Large Luxury Car Sales In America – November 2013 YTD

2014 Mercedes-Benz S-class interior
But Isn’t The S-Class’s Steering Wheel Weird?

Although November 2013 had one more selling day than November 2012, although Mercedes-Benz S-Class sales once again rose to wild heights, although the auto industry as a whole sold nearly 100,000 more vehicles, U.S. sales of luxury flagships (and three tweener siblings) fell ever so slightly last month.

In October, Porsche Panamera sales increased for the first time since last December. On its way back? Nope. U.S. Panamera sales plunged sharply in November 2013. The Panamera wasn’t pretty to begin with, and not it’s ugly and old, despite a recent refresh. 

Sales of the BMW 7-Series, always prone to fluctuation, slid 34% in November. 

USA large luxury car sales chart November 2013
Click Chart To Expand

Its similarly costly coupe/convertible/sedan sibling, the 6-Series, was off November 2012’s pace by 21%. 

Sales of Audi’s biggest sedan, the A8, fell 7%, equal to a loss of 38 units. Audi’s A7, which sits below the A8 but certainly has a price range befitting a large luxury car, more than made up for the A8’s decline with an extra 163 sales.

But the S-Class, oh the new S-Class, increased from what would have been a class-leading 1374 sales to 1907. That’s 1907 U.S. sales, in one month, of a car which starts at $92,900. With a Sport Package,  Premium Package, Rear Seat Package (which certainly seems necessary), nicer paint, nicer leather, nicer audio, Magic Body Control (you gonna reject magic?), the base S-Class rises above $136,000. It bears repeating: Mercedes-Benz sold 1907 of these cars in America in November after selling 1914 in October.

And yet, before large luxury SUVs completely ruled the roost, Mercedes-Benz USA sold an average of 2574 S-Class sedans per month in 2006.

You can click any model name in the tables below to find historical monthly and yearly U.S. auto sales data. You can also select a make and model at GCBC’s Sales Stats page. This table is now sortable, so you can rank large luxury cars any which way you like. Suggestions on how GCBC should break down segments can be passed on through the Contact page.

Click Column Headers To Sort • November 2014 • December 2013 • October 2013November 2012

Large Luxury Car

653 25.0% 7539 7672 – 1.7%
541 – 7.0% 5582 5102 9.4%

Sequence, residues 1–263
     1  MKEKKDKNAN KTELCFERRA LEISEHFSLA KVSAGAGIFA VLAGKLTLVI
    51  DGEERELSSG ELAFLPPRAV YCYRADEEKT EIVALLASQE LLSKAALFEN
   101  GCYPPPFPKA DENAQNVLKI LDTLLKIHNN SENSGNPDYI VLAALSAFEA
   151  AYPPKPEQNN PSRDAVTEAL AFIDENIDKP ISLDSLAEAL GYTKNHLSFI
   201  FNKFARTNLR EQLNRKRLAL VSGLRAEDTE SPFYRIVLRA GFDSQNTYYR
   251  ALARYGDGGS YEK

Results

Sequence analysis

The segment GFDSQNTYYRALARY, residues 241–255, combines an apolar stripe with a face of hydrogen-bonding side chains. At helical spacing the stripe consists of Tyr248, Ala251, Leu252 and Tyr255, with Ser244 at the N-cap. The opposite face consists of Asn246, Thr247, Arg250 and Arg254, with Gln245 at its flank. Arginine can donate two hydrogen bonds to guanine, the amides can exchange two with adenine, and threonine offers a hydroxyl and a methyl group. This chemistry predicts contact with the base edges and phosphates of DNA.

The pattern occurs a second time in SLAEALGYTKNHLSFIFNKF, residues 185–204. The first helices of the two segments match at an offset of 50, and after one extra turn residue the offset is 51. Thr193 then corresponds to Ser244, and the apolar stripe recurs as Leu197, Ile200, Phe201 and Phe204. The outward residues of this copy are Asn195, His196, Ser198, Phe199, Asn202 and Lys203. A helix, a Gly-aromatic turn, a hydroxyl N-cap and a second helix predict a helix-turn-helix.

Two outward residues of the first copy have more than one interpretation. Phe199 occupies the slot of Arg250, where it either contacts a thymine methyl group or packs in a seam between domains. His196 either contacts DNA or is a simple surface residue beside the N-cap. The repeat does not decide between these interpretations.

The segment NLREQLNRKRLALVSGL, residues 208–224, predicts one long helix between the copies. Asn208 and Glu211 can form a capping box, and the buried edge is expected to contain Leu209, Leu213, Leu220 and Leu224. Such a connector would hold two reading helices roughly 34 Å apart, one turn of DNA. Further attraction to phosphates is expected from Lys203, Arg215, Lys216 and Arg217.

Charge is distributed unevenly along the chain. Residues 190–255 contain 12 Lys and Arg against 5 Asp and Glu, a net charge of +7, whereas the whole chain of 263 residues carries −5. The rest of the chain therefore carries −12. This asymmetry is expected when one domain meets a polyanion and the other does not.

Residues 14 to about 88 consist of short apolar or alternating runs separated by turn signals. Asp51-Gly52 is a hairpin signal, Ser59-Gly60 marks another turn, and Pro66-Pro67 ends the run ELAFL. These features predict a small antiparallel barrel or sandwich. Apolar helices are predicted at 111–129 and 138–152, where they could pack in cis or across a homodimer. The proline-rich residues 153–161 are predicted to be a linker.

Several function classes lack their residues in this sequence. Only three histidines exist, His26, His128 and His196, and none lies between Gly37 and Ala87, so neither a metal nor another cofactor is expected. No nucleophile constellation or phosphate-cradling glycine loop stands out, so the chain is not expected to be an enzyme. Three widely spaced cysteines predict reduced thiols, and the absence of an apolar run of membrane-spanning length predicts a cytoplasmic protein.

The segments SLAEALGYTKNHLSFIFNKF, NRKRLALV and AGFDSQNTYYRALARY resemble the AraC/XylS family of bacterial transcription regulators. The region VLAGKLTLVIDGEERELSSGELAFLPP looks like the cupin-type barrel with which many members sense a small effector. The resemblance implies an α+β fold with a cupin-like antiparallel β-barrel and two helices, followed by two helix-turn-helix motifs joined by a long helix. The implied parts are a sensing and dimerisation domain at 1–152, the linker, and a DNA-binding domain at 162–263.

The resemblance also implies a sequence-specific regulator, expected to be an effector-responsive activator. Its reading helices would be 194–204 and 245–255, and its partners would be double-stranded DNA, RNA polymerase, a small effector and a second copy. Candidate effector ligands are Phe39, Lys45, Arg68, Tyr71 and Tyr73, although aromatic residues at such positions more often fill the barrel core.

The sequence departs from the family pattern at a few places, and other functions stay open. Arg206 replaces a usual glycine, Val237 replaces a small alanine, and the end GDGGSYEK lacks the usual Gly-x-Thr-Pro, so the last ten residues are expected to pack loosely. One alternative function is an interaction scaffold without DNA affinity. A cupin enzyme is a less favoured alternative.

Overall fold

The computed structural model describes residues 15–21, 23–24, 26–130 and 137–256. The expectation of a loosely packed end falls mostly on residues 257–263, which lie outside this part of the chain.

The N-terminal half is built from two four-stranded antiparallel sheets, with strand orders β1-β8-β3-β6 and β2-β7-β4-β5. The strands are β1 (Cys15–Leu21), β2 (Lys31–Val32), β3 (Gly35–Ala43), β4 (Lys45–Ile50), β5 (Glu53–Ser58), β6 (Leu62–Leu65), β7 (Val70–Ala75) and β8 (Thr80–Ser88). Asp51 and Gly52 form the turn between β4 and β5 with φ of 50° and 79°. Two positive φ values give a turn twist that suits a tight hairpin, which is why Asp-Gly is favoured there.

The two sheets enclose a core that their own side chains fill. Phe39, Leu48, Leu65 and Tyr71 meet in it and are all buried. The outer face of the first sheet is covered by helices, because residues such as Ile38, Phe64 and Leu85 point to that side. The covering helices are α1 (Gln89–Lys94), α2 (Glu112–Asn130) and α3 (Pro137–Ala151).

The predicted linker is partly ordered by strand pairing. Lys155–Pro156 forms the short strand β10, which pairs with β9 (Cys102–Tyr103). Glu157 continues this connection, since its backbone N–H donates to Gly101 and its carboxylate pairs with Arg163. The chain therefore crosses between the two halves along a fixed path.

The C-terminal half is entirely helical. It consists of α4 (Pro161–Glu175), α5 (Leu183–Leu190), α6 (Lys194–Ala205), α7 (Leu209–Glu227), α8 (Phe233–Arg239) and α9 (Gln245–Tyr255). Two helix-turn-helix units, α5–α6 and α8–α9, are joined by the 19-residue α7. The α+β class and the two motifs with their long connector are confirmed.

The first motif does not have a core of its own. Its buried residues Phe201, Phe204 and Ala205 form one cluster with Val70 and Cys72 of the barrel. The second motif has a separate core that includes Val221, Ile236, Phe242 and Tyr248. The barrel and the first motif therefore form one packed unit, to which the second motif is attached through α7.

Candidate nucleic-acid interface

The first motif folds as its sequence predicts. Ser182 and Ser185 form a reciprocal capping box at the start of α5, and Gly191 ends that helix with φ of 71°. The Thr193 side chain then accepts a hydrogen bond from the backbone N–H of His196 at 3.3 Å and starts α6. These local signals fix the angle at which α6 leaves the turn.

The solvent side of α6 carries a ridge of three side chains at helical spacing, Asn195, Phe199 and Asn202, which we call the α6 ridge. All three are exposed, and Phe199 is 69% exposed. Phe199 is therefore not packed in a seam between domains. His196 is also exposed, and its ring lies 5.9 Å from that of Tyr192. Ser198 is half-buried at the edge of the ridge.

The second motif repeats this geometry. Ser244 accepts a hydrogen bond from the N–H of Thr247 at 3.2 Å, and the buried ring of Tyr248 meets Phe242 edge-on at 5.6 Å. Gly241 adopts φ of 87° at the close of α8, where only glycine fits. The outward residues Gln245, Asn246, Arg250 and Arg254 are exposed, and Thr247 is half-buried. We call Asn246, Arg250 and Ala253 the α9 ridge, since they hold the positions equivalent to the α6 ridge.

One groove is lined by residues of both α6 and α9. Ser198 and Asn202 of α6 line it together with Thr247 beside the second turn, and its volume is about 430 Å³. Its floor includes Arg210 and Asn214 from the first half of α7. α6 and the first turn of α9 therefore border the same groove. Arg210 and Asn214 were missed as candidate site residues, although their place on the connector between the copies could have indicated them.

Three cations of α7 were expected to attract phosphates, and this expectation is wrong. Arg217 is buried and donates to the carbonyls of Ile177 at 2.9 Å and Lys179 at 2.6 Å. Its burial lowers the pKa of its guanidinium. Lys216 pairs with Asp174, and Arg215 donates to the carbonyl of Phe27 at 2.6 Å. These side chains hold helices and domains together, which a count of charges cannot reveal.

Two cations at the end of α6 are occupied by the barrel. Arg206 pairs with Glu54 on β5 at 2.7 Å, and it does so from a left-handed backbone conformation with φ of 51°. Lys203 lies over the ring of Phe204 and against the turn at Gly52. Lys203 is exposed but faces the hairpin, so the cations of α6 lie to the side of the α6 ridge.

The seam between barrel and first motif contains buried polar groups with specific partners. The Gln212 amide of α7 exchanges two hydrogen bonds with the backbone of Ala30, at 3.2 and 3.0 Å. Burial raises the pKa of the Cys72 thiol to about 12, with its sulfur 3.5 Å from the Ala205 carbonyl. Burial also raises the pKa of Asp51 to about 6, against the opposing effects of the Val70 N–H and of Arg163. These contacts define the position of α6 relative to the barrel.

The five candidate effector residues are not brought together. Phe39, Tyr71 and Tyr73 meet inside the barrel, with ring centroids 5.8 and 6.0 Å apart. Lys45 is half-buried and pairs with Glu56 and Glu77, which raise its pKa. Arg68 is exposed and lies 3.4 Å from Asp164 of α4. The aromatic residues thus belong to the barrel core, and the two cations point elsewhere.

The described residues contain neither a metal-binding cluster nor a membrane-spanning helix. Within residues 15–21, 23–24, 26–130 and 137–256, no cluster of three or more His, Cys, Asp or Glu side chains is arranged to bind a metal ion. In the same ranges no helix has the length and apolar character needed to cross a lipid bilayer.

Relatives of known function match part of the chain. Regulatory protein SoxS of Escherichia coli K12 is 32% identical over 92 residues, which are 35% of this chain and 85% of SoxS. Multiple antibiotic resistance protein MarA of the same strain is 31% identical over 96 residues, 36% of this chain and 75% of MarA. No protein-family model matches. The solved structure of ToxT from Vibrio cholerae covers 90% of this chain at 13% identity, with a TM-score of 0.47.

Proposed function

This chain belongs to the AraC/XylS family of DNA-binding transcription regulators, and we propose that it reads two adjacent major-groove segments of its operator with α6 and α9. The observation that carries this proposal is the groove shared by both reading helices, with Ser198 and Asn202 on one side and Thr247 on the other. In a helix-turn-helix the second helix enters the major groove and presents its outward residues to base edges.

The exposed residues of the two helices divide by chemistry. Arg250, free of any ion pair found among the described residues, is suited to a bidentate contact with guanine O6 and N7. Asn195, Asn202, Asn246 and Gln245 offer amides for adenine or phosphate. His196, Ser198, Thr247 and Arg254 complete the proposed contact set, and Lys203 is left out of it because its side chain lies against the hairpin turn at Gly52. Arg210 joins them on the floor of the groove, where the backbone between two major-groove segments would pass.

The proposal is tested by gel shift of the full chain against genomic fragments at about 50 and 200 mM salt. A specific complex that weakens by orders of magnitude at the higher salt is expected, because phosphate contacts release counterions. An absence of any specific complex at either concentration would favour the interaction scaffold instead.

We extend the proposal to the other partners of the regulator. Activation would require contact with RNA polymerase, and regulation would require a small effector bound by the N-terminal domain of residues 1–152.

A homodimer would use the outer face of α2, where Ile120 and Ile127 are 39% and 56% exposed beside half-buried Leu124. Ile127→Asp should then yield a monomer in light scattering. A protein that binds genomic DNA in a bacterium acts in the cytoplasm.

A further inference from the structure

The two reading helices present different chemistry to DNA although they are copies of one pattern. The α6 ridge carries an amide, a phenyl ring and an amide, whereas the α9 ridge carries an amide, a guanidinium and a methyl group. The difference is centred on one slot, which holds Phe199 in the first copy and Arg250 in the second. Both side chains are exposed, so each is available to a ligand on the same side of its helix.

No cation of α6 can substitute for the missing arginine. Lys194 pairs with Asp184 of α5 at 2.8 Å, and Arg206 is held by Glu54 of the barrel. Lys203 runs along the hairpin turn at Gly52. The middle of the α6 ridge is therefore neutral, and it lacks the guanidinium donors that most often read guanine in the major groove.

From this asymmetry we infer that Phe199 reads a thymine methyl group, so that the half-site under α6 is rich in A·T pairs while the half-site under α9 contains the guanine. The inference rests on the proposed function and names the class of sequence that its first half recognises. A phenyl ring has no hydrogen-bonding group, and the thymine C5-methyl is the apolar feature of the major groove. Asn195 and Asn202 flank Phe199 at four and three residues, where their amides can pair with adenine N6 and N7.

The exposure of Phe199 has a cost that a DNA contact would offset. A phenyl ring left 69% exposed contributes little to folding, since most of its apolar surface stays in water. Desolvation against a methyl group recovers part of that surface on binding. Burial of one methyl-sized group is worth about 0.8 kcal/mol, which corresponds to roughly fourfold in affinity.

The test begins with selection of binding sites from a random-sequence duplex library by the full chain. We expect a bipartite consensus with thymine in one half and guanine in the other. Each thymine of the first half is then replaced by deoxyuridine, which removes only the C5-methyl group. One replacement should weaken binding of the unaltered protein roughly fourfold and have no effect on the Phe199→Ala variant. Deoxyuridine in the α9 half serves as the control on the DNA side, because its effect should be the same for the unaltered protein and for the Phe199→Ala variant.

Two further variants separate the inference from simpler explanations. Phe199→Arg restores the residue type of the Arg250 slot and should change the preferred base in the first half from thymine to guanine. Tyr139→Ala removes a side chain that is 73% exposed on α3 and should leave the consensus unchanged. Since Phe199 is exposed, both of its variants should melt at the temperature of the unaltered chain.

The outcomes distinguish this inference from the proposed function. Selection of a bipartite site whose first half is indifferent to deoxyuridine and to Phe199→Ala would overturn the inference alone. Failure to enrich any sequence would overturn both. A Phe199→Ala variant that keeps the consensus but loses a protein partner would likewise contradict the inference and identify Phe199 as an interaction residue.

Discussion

919 – 20.7% 8684 7171 21.1%
939 – 34.3% 9813 9676 1.4%
266 74.8% 4985 4463 11.7%
1309 – 20.6% 9663 7059 36.9%
654 15.3% 7322 7362 – 0.5%
1374 38.8% 11,446 10,684 7.1%
680 – 30.6% 4921 7131 – 31.0%
7335 – 0.4% 69,955 66,320 5.5%

Source: Automakers & ANDC
GCBC isn’t here to break down segments, an impossible task for any group, but to display sales data for the sake of comparison. The more ways sales data can be displayed, the better, right? This explains why you’ll see the 6-Series here but also with premium sports cars; the A7 and CLS here but also with midsize luxury cars… because readers have wanted it both ways. You can always find the sales results for EVERY vehicle and form your own competitive sets by using the All Vehicle Rankings posts. Sales data for brands such as Aston Martin, Ferrari, Lamborghini, Lotus, Maybach, Rolls-Royce etc. are unfortunately not broken down by model. estimates say sales for those brands in the first eleven months of 2013 were 759, 1782, 506, 242, zero, and 924, respectively. Bentley sales are up 21% to 2519 this year; Maserati sold 3715 cars in the first eleven months of 2013, up 55%, and reportedly, Tesla Model S sales had risen to 15,550 through ten months. Tesla, unfortunately, doesn’t release model-specific monthly U.S. sales data.

Large Luxury Car Sales In America – November 2014 YTD
Large Luxury Car Sales In America – December 2013 & Year End
Large Luxury Car Sales In America – October 2013 YTD
Large Luxury Car Sales In America – November 2012 YTD
Top 20 Best-Selling Cars In America – November 2013
Small & Midsize Luxury Car Sales In America – November 2013 YTD
U.S. Auto Sales Brand Rankings – November 2013 YTD